Work at the NIID is progressing despite the requirement to study the virus in biosafety level-3 facilities, which requires protective clothing and equipment such as biosafety cabinets. There are also limits on meeting colleagues in person, even though social restrictions have been mild in Japan relative to some countries.

A multifront fight

AMED is supporting research efforts in drug discovery. For example it is backing an open-label, randomized clinical to evaluate favipiravir, a drug developed by Fujifilm Holdings’ unit Fujifilm Toyama Chemical Co. for influenza. There are hopes that favipiravir, marketed under the brand name Avigan, might help moderate and mild cases of COVID-19.

With AMED backing, NIID researchers have also been searching for compounds that can inhibit growth of the virus through methods such as random screening of existing approved drug libraries. They’re also focused on antibodies.

“By using a high-throughput monoclonal antibody isolation technique, a human-type therapeutic monoclonal antibody against the virus is rapidly being established,” says Makoto Takeda, director of the NIID’s Department of Virology 3 and principal investigator of the project. “Currently, work is being done on the analysis of infection mechanisms; purification and structural analysis of high-purity proteins; screening of small-molecule compound libraries; preparation of recombinant antigens targeting therapeutic antibodies; research and development of human monoclonal antibodies using these antigens; screening of existing drugs; virus propagation development of a real-time reverse transcription polymerase chain reaction system for monitoring systems; and screening of natural compound libraries.”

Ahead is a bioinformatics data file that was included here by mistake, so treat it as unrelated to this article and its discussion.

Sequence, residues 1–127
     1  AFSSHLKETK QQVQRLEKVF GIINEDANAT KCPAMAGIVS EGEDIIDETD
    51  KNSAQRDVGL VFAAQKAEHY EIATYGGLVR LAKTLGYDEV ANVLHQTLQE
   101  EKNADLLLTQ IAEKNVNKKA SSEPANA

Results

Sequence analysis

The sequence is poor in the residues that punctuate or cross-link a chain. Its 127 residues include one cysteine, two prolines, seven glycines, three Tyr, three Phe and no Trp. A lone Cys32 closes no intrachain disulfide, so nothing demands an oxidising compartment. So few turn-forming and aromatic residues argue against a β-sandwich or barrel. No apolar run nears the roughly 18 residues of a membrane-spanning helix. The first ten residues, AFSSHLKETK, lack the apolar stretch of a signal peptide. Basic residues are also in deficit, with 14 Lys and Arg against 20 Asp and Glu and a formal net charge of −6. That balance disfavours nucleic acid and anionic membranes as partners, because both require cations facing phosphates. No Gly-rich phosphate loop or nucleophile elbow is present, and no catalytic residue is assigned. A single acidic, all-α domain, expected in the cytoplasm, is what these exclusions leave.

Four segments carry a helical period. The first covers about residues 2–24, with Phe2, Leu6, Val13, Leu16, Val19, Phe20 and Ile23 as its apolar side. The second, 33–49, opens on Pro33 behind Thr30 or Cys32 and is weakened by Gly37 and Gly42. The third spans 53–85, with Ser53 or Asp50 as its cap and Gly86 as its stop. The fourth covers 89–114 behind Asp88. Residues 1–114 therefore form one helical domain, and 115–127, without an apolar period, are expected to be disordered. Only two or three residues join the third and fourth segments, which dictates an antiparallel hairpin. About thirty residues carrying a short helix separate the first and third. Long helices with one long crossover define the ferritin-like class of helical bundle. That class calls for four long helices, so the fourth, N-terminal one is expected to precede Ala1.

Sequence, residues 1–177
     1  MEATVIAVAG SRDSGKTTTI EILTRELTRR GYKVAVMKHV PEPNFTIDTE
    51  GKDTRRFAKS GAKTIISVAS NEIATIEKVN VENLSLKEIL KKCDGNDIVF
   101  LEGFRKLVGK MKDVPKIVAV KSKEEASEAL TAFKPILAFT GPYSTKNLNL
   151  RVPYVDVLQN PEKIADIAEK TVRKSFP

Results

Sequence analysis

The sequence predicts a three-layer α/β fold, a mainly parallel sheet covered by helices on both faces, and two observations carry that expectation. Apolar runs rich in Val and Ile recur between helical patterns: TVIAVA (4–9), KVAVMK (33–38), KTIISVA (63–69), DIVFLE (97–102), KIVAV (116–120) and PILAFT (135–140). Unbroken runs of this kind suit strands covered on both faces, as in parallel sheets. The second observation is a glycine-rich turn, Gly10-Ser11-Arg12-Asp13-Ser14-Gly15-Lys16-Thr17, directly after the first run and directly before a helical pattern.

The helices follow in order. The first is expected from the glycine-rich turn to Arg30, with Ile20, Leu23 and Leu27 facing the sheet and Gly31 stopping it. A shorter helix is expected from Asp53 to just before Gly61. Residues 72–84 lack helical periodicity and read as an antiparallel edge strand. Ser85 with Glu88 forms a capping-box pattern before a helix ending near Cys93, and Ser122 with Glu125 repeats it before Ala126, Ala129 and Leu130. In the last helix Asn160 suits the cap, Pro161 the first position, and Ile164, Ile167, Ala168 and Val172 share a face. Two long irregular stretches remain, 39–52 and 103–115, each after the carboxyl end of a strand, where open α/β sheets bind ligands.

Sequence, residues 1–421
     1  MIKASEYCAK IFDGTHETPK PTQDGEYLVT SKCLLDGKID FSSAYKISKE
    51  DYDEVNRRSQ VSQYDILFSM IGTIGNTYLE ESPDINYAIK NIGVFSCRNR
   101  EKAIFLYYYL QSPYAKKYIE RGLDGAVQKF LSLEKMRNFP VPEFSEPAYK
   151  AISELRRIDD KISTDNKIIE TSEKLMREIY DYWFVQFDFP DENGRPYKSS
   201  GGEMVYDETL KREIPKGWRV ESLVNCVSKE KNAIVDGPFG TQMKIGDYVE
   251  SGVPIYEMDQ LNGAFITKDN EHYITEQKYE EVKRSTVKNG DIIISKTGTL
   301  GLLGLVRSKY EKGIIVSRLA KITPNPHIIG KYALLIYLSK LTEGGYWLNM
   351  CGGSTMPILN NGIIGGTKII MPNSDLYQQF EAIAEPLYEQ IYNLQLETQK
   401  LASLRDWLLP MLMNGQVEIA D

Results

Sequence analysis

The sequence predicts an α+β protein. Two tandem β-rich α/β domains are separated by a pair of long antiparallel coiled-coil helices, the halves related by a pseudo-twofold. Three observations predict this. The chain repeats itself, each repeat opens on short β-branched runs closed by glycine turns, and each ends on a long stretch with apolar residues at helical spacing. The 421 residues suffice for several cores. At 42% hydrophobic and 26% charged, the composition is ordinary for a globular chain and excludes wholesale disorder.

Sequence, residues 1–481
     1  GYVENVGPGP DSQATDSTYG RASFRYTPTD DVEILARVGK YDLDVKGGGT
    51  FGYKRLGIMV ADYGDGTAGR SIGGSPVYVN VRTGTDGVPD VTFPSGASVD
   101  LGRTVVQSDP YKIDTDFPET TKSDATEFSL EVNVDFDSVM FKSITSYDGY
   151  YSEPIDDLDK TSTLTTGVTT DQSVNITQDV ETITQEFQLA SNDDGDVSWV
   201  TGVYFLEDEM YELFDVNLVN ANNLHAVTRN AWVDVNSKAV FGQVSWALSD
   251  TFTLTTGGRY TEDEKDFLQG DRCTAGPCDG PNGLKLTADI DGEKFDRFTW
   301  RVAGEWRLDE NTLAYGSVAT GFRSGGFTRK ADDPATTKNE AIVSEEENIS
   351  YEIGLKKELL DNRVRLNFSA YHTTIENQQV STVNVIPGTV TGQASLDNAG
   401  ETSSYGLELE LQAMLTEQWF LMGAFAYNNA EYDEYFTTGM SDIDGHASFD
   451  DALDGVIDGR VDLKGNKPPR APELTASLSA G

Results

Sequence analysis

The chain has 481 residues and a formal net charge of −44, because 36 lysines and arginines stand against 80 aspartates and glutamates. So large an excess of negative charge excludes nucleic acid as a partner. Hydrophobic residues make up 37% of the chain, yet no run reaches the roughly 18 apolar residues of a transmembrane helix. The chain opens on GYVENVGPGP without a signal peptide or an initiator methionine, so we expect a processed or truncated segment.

One of those natural compounds has shown potential. The anti-inflammatory cepharanthine, isolated from the perennial vine Stephania cephalantha Hayata, has been used in Japan for decades to treat disorders such as a low white blood cell count, dry mouth and alopecia. In a paper published on BioRxiv, a preprint repository for studies that have not been peer-reviewed, Takeda and colleagues describe how they developed a SARS-CoV-2 isolation and propagation system that helped them create an efficient screening system for antiviral drugs. Computer modeling showed that a drug called nelfinavir could inhibit viral replication while cepharanthine could stop the virus from latching onto and entering cells and in vitro assays highlighted their synergistic effect against the virus. “Combining nelfinavir/cepharanthine enhanced their predicted efficacy to control viral proliferation, to ameliorate both the progression of disease and risk of transmission,” the authors wrote.

Defeating the coronavirus is a mammoth effort that’s comparable to putting astronauts on the moon. While working to find other potential tools to help the effort, Takeda is encouraged that Japan is still able to contribute.

“Of course, Japan may also face the risk of explosion like the US or Europe,” he says, “but our knowledge on COVID-19 is greater than before, and every day we learn more about what we should do to contain COVID-19.”